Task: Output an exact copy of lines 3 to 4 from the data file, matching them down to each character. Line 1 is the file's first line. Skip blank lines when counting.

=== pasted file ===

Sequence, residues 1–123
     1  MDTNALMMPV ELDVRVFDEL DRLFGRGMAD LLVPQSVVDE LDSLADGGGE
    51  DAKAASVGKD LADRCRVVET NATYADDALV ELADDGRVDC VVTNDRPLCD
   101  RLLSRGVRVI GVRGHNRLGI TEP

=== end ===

    51  DAKAASVGKD LADRCRVVET NATYADDALV ELADDGRVDC VVTNDRPLCD
   101  RLLSRGVRVI GVRGHNRLGI TEP